This method recovers not just the sensible heat, but a lot of the latent heat too. Water condenses on the heat exchanger material on the way out, then evaporates again when air is drawn back. I’m pretty sure the only practical way to get the latent heat back is to re-evaporate the water into the incoming air stream. You don’t get all the water back, because the air exiting the regen on the way out of the building will be at it’s dew point (so 100% RH), but no lower. As it’s going out, it cools down to the dew point, water starts to condense out (and accumulate on the regen media), and during this process the rh can’t go below 100%.

The regen media can be aby fibrous stuff that doesn’t emit smell into the air, fiberglass (maybe taked from and insulated duct so you know it is odor free) cotton, polyester clothing, polypropylene wool, etc. so it’s pretty cheap.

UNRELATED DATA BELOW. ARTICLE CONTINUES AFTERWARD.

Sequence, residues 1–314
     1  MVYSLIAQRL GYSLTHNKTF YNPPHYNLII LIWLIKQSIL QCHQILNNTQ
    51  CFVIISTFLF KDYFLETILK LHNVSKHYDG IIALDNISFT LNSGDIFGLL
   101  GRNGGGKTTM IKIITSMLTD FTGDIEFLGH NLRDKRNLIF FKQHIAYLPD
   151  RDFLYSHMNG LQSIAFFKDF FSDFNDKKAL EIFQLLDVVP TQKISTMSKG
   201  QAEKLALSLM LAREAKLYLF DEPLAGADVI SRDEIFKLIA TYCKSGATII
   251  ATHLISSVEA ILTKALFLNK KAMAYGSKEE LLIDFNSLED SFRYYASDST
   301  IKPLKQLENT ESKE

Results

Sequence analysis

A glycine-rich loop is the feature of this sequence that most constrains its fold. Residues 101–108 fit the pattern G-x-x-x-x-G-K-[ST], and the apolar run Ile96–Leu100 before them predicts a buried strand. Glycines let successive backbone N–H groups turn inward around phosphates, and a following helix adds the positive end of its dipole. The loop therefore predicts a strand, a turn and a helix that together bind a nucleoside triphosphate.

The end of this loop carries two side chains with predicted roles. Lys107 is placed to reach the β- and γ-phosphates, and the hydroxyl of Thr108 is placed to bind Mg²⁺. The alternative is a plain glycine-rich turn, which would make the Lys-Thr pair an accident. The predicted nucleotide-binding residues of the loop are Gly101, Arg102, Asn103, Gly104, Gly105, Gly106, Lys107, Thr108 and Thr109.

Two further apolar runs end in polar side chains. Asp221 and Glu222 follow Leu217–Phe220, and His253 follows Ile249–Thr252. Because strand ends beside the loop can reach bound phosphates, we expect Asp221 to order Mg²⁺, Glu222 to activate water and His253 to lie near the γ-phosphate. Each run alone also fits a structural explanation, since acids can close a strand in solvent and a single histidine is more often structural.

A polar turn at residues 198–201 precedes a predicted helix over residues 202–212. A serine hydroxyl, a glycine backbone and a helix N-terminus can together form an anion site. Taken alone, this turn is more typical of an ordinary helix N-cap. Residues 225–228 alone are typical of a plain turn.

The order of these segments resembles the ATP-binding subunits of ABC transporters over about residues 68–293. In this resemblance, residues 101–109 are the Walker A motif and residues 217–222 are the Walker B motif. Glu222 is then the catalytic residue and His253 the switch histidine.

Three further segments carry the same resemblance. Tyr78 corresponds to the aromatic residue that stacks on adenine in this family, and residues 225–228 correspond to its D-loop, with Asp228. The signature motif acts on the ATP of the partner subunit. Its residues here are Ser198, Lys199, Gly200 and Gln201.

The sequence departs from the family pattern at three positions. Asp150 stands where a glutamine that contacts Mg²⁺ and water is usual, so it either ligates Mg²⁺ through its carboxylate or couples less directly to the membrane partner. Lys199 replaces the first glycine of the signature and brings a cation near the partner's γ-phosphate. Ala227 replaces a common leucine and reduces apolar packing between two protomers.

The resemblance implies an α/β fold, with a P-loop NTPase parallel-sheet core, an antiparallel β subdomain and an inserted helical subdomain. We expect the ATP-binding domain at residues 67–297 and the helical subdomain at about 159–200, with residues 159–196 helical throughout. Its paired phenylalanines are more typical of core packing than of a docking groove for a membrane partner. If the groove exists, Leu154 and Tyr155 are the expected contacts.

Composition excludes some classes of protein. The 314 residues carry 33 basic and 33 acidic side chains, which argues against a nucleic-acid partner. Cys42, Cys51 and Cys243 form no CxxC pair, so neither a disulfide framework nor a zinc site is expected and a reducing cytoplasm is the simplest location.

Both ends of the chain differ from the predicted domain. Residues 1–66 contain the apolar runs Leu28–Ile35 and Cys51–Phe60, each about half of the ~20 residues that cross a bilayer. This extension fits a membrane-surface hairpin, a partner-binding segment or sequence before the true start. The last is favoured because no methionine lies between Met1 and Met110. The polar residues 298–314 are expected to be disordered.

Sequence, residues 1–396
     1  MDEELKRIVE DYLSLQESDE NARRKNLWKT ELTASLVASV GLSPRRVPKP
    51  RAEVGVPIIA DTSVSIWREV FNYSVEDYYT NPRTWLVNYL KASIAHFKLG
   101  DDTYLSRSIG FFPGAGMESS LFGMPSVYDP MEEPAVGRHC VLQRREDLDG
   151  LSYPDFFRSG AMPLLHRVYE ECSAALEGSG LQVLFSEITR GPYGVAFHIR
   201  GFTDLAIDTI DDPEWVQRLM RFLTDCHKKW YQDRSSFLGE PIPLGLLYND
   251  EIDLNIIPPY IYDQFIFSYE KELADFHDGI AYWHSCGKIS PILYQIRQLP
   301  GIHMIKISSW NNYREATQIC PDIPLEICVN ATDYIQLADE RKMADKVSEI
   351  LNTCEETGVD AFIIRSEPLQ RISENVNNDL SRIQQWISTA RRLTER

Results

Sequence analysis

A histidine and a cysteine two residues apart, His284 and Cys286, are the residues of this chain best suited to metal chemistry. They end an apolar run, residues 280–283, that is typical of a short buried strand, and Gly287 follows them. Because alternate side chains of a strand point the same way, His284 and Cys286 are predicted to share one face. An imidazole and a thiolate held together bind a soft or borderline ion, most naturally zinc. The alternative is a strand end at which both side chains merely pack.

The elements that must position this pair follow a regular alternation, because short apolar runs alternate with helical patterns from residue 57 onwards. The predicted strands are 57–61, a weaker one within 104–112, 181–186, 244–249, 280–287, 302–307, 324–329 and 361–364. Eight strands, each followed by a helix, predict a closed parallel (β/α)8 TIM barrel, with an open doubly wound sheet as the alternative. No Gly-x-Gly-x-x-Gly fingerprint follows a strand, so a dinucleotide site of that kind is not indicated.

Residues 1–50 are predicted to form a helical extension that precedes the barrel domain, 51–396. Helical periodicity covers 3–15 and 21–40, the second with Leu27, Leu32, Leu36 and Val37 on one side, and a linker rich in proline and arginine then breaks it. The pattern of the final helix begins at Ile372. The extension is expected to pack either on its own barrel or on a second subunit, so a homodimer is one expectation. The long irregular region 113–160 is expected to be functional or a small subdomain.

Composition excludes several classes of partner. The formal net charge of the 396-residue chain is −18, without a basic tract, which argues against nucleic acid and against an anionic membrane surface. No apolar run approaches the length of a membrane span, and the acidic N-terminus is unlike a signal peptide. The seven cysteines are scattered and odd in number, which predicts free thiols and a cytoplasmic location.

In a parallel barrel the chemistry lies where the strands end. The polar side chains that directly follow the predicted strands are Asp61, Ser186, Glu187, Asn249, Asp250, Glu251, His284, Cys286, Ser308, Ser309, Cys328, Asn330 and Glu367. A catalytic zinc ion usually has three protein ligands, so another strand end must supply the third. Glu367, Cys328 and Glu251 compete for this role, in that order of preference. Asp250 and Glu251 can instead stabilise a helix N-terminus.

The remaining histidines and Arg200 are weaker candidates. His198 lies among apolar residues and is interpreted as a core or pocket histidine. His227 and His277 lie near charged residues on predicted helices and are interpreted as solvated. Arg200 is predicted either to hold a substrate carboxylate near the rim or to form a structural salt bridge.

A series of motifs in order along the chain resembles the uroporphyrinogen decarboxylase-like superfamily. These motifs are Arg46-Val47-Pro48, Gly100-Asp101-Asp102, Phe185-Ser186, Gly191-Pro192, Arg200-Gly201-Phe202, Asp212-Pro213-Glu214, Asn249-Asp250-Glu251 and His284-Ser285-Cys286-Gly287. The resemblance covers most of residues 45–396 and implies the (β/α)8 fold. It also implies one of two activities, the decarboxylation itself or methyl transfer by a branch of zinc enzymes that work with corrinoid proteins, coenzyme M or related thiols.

Then you need to harness the wind. You can see by one of the diagrams that this is being done just by orienting the intake and outtakes of the system so wind gets blown through.

Then the hard part is periodically reversing the airflow through the regens, let’s call them the left one and the right one.

I think a simple wind powered mechanism would do fine. The one shown in the diagram works like this: You have an “air switch”. This is basically 4 air valves (the seals don’t have to be very good or anything) connected together so they all switch at once. In the schematic vies shown in the figure, it goes like this: valve a and d are turned on, allowing air to pass, air flows into the building through the left regen and out through the right. Then, c and b open, and for a brief period air just sort of short circuits,going straight from the incoming air line to the outgoing air line – this serves no purpose, of course, it’s just a result of the way the air switch works while it is transitioning. Then, a and d close. Now, air is going out through the left regen and in through the right. Perfect.